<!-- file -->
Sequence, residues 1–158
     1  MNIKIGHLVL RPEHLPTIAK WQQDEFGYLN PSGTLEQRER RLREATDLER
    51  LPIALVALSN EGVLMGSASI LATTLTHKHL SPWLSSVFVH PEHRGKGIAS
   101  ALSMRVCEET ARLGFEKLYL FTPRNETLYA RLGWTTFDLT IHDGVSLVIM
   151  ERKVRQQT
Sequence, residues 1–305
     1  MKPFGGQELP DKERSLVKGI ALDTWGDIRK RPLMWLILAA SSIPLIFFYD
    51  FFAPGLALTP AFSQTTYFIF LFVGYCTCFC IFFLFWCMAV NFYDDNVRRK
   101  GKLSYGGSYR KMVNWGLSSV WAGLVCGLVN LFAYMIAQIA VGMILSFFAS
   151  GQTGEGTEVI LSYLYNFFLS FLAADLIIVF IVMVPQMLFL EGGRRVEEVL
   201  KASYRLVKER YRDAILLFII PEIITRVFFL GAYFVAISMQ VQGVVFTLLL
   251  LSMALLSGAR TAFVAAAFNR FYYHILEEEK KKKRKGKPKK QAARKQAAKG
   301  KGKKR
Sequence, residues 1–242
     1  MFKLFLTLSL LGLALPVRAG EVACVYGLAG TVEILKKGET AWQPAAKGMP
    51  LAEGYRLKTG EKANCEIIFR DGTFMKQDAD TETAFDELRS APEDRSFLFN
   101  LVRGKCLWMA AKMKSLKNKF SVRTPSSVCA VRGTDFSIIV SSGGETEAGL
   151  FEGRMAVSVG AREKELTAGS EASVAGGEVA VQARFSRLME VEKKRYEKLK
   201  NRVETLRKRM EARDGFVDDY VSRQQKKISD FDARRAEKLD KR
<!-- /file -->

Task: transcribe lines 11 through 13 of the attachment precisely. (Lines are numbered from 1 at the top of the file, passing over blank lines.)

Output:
   201  KASYRLVKER YRDAILLFII PEIITRVFFL GAYFVAISMQ VQGVVFTLLL
   251  LSMALLSGAR TAFVAAAFNR FYYHILEEEK KKKRKGKPKK QAARKQAAKG
   301  KGKKR